On the other side, state Sens. Chris Hansen, D-Denver, and Bob Rankin, R-Carbondale, the prime sponsors of Senate Bill 238, have drafted a ballot initiative that would change the state constitution and prohibit property tax changes from being made through statewide ballot measures. The initiative would come in the form of legislation that would have to be supported by two thirds of the legislature to make the November ballot. 

Hansen suggested the measure could be introduced within the next few days if Fields and Larson don’t withdraw their measures seeking a permanent tax cut. 

“We are looking at several ideas and options if the titles do not get pulled,” Hansen said. “We are committed to delivering sustainable property tax relief but making sure that we can still fund the schools and the services. And the (tax cut) ballot initiatives would undercut our ability to do both.”

State Sen. Chris Hansen, D-Denver, right, speaks with Senate Majority Leader Dominick Moreno, D-Commerce City, on Thursday, May 5, 2022. (Jesse Paul, The Colorado Sun)

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Rankin said discussions about trying to pass a constitutional amendment preventing statewide property tax changes have been in the works for weeks.

“I feel very strongly that the state should not be in the business of changing property taxes,” he said. “It’s a local issue — should be managed locally.”

Hansen hinted that the proposed constitutional amendment isn’t the only card he is holding. He said the legislature could also be called into a special session over the summer to address the situation.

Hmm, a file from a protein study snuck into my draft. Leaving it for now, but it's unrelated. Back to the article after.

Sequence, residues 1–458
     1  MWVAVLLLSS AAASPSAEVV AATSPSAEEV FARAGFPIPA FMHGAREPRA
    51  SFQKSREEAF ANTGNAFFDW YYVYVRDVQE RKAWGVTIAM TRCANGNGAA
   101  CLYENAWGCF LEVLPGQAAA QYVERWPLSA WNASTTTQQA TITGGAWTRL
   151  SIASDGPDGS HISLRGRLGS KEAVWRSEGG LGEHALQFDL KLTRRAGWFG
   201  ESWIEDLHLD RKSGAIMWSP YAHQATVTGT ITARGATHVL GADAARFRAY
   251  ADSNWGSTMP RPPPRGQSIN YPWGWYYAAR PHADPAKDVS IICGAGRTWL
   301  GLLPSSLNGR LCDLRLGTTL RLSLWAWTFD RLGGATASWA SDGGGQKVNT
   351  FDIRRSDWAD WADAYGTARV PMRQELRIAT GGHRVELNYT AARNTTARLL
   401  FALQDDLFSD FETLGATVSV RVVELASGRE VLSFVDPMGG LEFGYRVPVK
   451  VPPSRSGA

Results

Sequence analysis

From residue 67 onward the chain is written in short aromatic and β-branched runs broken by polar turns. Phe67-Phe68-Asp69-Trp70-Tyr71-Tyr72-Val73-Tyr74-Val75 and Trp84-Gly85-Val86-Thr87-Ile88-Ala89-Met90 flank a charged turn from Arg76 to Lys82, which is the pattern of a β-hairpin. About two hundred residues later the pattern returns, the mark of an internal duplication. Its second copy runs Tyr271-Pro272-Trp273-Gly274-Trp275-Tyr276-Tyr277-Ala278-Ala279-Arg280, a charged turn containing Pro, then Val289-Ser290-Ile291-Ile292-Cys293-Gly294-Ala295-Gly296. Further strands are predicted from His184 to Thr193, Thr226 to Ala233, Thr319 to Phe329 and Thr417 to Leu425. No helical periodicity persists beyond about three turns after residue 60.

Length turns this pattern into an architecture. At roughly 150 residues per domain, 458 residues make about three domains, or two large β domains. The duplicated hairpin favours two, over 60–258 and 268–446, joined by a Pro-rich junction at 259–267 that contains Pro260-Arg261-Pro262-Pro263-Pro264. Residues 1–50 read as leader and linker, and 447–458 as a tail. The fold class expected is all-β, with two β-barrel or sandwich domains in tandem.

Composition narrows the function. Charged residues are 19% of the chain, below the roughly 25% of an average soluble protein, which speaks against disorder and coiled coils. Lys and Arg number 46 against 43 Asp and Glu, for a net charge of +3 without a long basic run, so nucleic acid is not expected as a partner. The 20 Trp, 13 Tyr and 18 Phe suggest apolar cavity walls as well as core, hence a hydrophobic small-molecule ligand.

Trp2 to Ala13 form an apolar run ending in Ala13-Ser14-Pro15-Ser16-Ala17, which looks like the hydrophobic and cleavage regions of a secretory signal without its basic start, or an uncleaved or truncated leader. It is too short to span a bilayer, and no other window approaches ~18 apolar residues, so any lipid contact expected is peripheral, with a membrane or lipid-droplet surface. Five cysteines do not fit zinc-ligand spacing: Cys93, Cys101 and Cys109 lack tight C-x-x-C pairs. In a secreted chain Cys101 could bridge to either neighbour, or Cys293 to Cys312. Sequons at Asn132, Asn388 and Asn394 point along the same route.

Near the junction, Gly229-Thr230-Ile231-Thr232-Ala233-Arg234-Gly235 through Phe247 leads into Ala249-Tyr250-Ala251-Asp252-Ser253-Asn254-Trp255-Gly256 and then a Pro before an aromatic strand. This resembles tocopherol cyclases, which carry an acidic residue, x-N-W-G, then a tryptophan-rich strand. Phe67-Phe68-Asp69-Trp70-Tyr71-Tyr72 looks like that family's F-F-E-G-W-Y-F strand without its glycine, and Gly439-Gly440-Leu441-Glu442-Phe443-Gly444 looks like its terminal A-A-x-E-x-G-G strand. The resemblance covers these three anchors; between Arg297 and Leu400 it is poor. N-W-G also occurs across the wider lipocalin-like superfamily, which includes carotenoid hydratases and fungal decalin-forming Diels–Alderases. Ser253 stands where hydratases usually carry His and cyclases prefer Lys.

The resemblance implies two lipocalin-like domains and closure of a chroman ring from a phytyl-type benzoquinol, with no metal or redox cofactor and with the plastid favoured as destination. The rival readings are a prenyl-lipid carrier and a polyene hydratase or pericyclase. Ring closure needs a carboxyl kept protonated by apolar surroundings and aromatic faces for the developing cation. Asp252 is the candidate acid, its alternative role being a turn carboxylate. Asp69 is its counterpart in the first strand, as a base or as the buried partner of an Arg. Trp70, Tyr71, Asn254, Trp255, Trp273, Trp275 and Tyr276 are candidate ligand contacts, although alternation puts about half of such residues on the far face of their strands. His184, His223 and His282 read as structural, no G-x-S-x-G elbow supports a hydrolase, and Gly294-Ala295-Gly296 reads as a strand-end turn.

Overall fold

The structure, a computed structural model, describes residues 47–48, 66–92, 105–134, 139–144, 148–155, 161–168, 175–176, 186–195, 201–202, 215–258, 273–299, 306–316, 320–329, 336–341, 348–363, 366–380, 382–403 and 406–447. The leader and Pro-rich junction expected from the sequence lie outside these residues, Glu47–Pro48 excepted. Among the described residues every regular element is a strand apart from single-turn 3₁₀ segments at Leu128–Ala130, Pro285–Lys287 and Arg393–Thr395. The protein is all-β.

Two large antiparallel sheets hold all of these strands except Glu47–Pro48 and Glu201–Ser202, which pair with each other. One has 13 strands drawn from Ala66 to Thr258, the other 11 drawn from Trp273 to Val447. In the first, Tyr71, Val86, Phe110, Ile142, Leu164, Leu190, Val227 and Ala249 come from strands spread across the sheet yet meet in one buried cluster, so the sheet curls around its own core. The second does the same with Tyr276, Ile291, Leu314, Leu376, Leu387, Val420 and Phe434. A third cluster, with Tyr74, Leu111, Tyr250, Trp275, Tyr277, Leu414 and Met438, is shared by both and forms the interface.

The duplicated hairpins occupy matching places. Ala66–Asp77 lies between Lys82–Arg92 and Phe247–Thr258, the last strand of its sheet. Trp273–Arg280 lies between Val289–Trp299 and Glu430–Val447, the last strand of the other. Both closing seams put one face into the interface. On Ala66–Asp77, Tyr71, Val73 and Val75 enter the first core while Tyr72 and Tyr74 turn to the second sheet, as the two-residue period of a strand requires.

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Larson, meanwhile, said he’s confident that Hansen and Rankin lack enough votes in the legislature to put a measure seeking to change the Colorado constitution on the November ballot. But a draft of the proposed amendment, which has been viewed by The Colorado Sun, has been circulating among the 100 legislators as its proponents try to secure support.

Colorado Concern declined to comment, but has endorsed the agreement reached through Senate Bill 238. 

Under one scenario, which appears highly unlikely, both the measure dramatically reducing forecast property tax revenue and the one prohibiting property tax changes on the statewide ballot could go before voters in November. 

If both pass and the constitution is amended, the state could be locked in to the more extreme reduction with no easy, clear way to reverse it. 

Colorado Sun staff writer Shannon Najmabadi contributed to this report.